Money Supply

by Smith

About Latest Releases and Updates Money Supply Database


This is a page with three major goals in mind:

1 - Compile Austrian Money Supply statistics
2 - Analyze recent central bank and currency news
3 - Pontificate on future money supply movements

Regarding the first, despite the somewhat pretentious name, "True Money Supply" is indeed what it is called, and is followed developed by the Austrian school. Here, we follow a variant of TMS that closely follows M1, and is more precisely defined as the following:

Base currency (not to be confused with the monetary base, which includes reserves and excess reserves): the face value amount of fiat physical U.S. notes, dollar bills, and coins circulating.
+ Demand deposits: the amount held in checking accounts and other forms of immediately refundable deposits.
- Demand deposits due to the Treasury and depository institutions
- Federal Reserve float and cash items in process of collection.
+ Supplementary Financing Program.

This is related to what is known as TMS1, or AMS developed by Frank Shostak. This differs from the other Austrian money supply measure, TMS2 developed by Joe Salerno by disclusion of savings accounts funds, and Shostak's original AMS by the inclusion of the Supplementary Financing Program. We do so for the followings reasons:

* Regarding savings accounts, Salerno has stated that, "Both demand and savings deposits are federally insured under the same conditions and, consequently, both represent instantly cashable, par value claims to the general medium of exchange. The objection that claims on dollars held in savings deposits typically do not circulate in exchange…while not unimportant for some purposes of analysis, is here beside the point." As a thought experiment, assume we were following Dave Ramsey's envelope method of budgeting. We had two envelopes, one labeled "Groceries," and the other labeled, "Hoard." To take the argument to its extreme, what we are arguing is that if we place the money into the envelope labeled "Hoard" with the express intention of hoarding the said money, then it is no longer a medium of exchange, and until such point where it is 'unhoarded' should not be considered money. Thus, we do not count savings accounts as part of the money supply (do not mistake this for saying that hoarding money is bad, it is most definitively a good).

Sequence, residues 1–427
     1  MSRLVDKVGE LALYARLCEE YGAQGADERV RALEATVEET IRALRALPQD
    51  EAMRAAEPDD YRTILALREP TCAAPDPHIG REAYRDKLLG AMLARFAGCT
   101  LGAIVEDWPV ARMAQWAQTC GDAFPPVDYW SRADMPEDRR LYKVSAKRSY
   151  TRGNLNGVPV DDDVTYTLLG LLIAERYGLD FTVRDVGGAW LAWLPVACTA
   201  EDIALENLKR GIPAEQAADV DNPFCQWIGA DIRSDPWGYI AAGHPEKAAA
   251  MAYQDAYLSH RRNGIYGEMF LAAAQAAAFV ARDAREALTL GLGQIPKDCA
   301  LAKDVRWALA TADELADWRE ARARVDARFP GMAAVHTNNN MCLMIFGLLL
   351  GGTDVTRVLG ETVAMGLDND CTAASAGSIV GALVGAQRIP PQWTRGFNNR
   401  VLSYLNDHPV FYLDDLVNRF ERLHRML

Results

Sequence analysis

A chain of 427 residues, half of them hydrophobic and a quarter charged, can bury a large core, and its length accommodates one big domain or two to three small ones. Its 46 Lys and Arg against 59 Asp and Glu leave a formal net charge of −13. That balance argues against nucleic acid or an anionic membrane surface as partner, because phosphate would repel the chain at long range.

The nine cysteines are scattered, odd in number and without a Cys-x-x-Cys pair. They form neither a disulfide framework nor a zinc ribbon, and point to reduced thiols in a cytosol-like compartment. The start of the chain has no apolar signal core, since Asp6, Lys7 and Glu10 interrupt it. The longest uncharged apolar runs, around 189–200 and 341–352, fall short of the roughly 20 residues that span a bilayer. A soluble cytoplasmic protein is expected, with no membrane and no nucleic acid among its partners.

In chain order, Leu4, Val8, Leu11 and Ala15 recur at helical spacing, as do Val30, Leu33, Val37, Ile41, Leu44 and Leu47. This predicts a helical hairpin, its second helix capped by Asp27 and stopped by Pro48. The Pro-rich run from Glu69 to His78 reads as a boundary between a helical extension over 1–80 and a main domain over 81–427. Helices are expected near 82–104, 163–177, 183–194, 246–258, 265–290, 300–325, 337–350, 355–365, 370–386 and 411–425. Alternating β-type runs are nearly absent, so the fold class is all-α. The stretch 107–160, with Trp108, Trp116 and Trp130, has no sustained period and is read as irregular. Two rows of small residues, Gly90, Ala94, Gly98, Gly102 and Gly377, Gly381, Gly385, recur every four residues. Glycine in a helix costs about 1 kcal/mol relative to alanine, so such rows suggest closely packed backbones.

* Regarding SFP, this is really rather a minor point, and mainly depends on whether one thinks the FED is doing something funny with SFP. Given the lack of transparency by the FED regarding the dispositions of SFP, and given the FEDs not-so-trustworthy history, we include SFP. This puts our analysis at minor odds with Shostak, but given the small amount (in terms of the total money supply) of SFP, not enough that we feel uncomfortable calling it AMS still. This means that our data has a huge peak in 2008! However, this is a feature, not a bug. As it points out that monetary statistics are incredibly dodgy during the 2008-2011 period.

Regarding the second bullet point, The Mises Institute maintains an analysis and a compilation of USD True Money Supply (TMS) statistics, a statistic very much in the same line of the Austrian tradition. However, the reason for this blog is to cover for two deficiencies of this analysis. First is that we agree more with AMS than TMS, as we have just stated, but also because we aim to provide commentary and statistics for the other major reserve currencies as well. We decide which reserve currencies to focus on at the moment based on overwhelming share of forex reserves, which as of this writing is

+ Euro

Should this change, then we will drop reporting and add reporting as necessary. For comparison, we will keep a note of the total gold stock. However, this does not tend to change very much. We might add the Pound and Yen, depending on the general level of work desired. Also, for no particular reason, we look at

+ Argentine Peso

Because why not.

This brings us to the last of the three bullet points. Our 'pontificiation' over four money supplies means that our analysis will necessarily be a tad bit more international than the Mises Institute's coverage, and means it will display an interesting analysis regarding their respective battles for reserve currency status. In the future, we might add more currencies, depending on how difficult it is to compile and analyze AMS figures for just the four.